The Director: A Weekly Literary Journal: Containing I. Essays, on Subjects of Literature, the Fine Arts and Manners. II. Bibliographana. Account of Rare and Curious Books and of the Book Sales in this Country, from the Close of the Seventeenth Century. III. Royal Institution. Analyses of the Lectures Delivered Weekly. IV. British Gallery. Description of the Principal Pictures Exhibited ... V. 1-2: Jan. 24-July 4, 1807, Volume 2
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admired antient appear artist attention beautiful black letter called catalogue character collection colouring composition considered continued copy curious Director edition effect English excellent executed expressed eyes feeling fine former genius give hand hath heart honour hope interesting Italy kind knowledge labour Landscape late learned lecture less letter literature London look Lord Lysippus magnificent manner means mind moral Music nature never notice object observed original painting particular perfect performances period persons picture play Pliny praise present printed produced published Purchased rare reader respect scene seems sold soul spirit stage Street taste temple thee thing thou tion touch truth virtue volumes whole
Page 83 - PAPPE with an hatchet, alias, a figge for my God Sonne, or Cracke me this nut, or a Countrie cuffe, that is, a sound boxe of the eare, for the idiot Martin to hold his peace, seeing the patch will take no warning.
Page 205 - The last, the meanest of your sons inspire (That on weak wings, from far, pursues your flights; Glows while he reads, but trembles as he writes) To teach vain Wits a science little known, T" admire superior sense, and doubt their own!
Page 140 - A disclosing of the great bull, and certain calves that he hath gotten, and specially the monster bull that roared at my lord byshops gate.
Page 89 - Imbrown'd with native bronze, lo! HENLEY stands, Tuning his voice, and balancing his hands. How fluent nonsense trickles from his tongue ! How sweet the periods, neither said, nor sung!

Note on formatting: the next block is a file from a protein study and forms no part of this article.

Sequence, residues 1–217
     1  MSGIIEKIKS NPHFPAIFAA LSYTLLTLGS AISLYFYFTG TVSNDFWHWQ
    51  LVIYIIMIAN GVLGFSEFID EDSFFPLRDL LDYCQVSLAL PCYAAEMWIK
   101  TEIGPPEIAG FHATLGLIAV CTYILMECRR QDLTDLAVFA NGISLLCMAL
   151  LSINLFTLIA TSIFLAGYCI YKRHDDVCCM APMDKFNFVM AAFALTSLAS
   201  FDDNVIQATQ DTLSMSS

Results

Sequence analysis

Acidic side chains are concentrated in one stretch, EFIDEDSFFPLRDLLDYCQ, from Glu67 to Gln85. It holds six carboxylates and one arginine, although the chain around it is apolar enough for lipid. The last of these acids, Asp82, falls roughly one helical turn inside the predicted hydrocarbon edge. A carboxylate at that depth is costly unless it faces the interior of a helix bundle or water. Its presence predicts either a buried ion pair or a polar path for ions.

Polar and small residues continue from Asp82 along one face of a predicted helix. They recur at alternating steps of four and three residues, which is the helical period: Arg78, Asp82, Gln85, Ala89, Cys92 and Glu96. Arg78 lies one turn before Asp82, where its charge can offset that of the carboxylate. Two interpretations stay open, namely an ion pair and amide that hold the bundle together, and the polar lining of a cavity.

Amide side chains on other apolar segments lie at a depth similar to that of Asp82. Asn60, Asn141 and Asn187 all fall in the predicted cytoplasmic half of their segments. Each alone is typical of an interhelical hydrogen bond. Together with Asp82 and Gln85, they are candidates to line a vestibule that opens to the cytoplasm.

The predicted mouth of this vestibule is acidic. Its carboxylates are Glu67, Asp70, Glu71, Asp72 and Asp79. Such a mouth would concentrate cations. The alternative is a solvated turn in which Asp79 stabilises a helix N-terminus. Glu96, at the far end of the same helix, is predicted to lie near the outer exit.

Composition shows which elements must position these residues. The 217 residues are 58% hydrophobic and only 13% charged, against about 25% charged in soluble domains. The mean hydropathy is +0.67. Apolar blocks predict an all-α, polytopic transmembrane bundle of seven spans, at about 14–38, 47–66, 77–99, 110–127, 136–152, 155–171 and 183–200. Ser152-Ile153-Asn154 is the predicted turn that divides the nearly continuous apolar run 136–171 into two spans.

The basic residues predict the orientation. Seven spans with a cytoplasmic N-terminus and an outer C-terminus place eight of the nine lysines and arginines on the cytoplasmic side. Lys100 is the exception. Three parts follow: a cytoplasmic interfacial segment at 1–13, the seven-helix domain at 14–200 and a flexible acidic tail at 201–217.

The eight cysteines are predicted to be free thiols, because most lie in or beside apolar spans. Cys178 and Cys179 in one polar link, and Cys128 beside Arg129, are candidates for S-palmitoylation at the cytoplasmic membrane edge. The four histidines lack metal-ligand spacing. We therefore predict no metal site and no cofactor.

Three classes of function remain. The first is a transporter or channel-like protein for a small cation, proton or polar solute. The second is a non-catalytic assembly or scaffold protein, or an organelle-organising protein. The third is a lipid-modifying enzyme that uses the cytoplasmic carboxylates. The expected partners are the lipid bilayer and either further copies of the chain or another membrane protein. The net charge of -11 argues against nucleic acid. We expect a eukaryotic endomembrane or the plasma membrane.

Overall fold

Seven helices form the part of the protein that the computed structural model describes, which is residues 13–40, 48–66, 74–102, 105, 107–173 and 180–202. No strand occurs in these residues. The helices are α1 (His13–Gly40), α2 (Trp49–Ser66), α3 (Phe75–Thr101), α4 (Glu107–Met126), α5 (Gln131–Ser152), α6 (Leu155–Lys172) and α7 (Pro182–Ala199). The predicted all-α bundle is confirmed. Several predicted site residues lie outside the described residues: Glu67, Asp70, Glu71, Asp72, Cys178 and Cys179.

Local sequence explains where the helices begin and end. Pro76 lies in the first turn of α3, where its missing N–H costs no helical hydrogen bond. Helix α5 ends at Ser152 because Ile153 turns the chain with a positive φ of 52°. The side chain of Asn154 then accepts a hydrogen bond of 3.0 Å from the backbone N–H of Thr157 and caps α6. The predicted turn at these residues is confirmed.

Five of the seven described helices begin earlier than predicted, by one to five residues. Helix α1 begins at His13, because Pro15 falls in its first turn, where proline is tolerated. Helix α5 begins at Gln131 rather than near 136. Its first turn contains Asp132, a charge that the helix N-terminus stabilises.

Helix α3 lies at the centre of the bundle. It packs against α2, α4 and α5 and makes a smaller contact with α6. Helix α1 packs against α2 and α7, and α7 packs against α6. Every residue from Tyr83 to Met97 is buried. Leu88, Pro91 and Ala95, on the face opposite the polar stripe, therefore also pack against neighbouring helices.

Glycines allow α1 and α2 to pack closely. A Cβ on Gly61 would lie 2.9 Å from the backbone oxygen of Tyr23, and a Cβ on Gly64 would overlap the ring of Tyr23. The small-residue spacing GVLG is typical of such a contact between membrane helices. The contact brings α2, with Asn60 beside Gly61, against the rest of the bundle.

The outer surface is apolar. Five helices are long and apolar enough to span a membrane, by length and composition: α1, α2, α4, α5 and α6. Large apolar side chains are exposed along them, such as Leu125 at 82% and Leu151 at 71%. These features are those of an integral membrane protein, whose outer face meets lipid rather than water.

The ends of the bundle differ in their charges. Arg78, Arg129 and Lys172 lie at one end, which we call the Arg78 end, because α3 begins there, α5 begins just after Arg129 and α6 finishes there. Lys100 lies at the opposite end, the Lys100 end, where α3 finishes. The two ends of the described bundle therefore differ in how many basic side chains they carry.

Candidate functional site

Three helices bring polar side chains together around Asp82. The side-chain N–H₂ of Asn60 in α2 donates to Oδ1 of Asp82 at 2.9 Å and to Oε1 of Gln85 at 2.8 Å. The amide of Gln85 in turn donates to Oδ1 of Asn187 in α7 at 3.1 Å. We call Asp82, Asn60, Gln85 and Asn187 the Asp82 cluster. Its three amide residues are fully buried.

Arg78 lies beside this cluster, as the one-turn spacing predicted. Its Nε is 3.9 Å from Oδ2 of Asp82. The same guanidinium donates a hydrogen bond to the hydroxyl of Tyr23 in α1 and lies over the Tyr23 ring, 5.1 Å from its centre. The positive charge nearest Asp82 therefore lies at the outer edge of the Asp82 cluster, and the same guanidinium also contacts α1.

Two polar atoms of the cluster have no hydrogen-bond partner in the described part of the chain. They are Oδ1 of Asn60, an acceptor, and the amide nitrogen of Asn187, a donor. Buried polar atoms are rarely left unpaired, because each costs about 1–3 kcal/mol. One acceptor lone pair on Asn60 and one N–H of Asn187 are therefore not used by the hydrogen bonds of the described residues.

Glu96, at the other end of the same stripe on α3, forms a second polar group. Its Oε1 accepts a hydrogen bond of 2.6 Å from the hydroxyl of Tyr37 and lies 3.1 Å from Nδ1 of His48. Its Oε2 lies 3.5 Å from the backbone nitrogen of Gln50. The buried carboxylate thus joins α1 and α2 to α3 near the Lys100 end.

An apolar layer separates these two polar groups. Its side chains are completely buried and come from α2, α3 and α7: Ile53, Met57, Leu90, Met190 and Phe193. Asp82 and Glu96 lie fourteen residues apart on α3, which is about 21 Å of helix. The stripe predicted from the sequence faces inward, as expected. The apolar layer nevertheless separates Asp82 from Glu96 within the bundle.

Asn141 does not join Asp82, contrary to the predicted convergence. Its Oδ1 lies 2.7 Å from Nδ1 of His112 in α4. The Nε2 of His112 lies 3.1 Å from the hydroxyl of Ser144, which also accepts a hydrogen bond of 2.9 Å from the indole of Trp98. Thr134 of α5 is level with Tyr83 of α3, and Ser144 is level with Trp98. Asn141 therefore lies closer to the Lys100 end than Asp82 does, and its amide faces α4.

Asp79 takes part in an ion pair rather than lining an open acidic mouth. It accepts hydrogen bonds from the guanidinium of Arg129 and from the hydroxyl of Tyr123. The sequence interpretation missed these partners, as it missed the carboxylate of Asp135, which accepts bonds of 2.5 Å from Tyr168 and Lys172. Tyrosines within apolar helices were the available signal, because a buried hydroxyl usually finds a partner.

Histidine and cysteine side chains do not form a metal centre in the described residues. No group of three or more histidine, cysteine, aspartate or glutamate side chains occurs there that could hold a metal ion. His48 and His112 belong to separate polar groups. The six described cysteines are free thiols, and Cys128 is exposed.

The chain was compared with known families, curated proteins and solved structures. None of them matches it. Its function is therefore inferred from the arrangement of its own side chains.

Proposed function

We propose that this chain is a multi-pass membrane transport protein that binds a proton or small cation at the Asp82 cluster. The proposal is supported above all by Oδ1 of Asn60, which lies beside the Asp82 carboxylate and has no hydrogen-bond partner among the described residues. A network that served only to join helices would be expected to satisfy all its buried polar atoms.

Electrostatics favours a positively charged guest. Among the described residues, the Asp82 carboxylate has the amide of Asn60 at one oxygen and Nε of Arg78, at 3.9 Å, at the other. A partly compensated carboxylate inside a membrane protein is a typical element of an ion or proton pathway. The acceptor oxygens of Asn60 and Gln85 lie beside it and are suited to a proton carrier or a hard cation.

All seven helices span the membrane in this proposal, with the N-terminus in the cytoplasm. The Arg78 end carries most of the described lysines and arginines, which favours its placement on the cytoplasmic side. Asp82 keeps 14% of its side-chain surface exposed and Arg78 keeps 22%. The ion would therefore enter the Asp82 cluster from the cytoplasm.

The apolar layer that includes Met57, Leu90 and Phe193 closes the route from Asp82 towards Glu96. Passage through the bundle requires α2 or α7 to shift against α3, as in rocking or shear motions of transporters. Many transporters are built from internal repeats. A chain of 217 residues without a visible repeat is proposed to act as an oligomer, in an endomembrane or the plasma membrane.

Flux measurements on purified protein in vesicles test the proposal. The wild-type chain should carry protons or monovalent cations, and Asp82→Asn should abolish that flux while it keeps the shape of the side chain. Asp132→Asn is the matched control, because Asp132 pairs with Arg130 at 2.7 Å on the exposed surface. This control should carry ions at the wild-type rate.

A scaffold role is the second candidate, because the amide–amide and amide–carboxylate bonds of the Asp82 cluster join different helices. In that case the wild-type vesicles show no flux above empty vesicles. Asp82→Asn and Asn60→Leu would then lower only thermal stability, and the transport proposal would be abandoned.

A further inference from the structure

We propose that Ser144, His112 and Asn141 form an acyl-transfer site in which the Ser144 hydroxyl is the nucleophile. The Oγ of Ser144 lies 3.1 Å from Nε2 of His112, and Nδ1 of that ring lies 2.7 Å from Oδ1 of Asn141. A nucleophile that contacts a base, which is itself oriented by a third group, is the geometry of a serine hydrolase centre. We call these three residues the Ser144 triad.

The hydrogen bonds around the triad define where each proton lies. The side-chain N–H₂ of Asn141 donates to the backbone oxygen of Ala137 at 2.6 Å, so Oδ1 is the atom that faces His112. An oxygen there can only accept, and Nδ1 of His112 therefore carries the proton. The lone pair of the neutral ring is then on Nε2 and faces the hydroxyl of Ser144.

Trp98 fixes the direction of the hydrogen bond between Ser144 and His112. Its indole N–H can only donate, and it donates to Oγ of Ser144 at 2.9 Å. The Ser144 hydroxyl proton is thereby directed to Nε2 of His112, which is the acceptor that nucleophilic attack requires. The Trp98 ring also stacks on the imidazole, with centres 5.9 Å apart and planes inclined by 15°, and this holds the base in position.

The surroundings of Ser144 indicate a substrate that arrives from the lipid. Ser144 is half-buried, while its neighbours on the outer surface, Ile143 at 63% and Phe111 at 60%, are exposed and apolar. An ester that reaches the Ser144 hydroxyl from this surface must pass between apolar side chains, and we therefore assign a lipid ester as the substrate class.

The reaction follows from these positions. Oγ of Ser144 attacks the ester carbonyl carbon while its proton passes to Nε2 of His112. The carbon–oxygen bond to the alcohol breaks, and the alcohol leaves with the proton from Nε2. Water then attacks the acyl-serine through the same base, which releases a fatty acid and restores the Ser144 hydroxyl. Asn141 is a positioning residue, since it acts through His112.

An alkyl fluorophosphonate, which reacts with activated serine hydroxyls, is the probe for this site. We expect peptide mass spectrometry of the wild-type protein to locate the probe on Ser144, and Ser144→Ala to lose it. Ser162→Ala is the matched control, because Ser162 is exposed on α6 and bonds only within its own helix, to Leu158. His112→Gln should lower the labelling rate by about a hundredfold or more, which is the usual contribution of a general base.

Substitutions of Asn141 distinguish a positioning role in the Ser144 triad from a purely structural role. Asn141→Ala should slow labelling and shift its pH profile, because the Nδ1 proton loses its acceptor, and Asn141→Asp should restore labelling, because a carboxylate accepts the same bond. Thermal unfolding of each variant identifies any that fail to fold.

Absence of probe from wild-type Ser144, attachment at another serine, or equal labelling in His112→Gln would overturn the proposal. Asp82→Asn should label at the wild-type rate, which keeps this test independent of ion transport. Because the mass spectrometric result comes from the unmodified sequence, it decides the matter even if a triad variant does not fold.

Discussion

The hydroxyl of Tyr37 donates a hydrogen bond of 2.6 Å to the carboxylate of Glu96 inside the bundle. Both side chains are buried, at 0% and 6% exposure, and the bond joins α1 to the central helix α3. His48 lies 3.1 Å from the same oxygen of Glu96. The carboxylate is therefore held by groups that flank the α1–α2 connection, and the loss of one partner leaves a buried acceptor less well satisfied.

Page 249 - A man's pride shall bring him low: but honour shall uphold the humble in spirit.
Page 90 - Tuning his voice, and balancing his hands. How fluent nonsense trickles from his tongue ! How sweet the periods, neither said, nor sung!
Page 195 - Canvas and wood, and even stone, will decay. The work of a great artist loses all its spirit in the copy. Words are mutable and fleeting ; and the genius of poetry is often dissipated in translation. The compositions of music may remain, but the hand of execution may be wanting. Nature cannot decay ; the language of her interpreters will be the same in all times. It will be an universal tongue speaking to all countries, and all ages, the excellence of the work, and the wisdom of the Creator.
Page 358 - The fame that a man wins himself is best ; That he may call his own : honours put to him Make him no more a man than his clothes do, Which are as soon ta'en off; for in the warmth The heat comes from the body, not the weeds ; So man's true fame must strike from his own deeds.
Page 252 - ... my sin hath blurred ; enlighten my understanding with thy truth; rectify my judgment with thy word; direct my will with thy spirit; strengthen my memory to retain good things; order my affections, that I may love thee above all things ; increase my faith ; encourage my hope; quicken my charity; sweeten my thoughts with thy grace; season my words with thy spirit; sanctify my actions with thy wisdom; subdue the insolence of my rebellious flesh ; restrain the fury of my unbridled passions; reform...
Page 272 - Collection were so well known in almost all parts of Europe. ' Afterwards it is observed that 'The books in general are in very fine condition, many of them bound in morocco, and russia leather, with gilt leaves.